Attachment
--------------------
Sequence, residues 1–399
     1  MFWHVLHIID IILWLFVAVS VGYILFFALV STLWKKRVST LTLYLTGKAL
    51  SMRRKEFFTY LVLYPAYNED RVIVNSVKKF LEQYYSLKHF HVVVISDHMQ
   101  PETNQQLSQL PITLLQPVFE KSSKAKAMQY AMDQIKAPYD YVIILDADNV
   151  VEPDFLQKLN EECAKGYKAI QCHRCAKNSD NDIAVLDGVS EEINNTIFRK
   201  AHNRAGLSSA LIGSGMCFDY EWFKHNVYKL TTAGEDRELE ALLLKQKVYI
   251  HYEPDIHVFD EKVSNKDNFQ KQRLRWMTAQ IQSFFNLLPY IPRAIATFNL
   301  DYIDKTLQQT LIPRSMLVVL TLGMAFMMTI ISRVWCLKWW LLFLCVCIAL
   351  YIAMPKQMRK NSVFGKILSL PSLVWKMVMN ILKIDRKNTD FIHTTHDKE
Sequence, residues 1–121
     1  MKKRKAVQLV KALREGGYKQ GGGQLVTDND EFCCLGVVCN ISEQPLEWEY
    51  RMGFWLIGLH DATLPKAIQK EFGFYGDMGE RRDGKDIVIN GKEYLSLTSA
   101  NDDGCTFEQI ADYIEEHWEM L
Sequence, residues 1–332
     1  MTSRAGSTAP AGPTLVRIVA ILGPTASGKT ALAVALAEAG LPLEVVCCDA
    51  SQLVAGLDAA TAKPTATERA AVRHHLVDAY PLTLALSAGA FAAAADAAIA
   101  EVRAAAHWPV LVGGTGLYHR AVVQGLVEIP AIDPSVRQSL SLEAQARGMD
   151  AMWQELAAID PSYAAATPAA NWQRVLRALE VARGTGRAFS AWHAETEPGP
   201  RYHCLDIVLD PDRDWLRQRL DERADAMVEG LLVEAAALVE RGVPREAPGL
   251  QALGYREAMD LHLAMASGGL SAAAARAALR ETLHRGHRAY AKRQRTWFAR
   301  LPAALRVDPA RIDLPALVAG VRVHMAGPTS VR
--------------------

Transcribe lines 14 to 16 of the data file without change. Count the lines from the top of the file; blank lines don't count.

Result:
Sequence, residues 1–332
     1  MTSRAGSTAP AGPTLVRIVA ILGPTASGKT ALAVALAEAG LPLEVVCCDA
    51  SQLVAGLDAA TAKPTATERA AVRHHLVDAY PLTLALSAGA FAAAADAAIA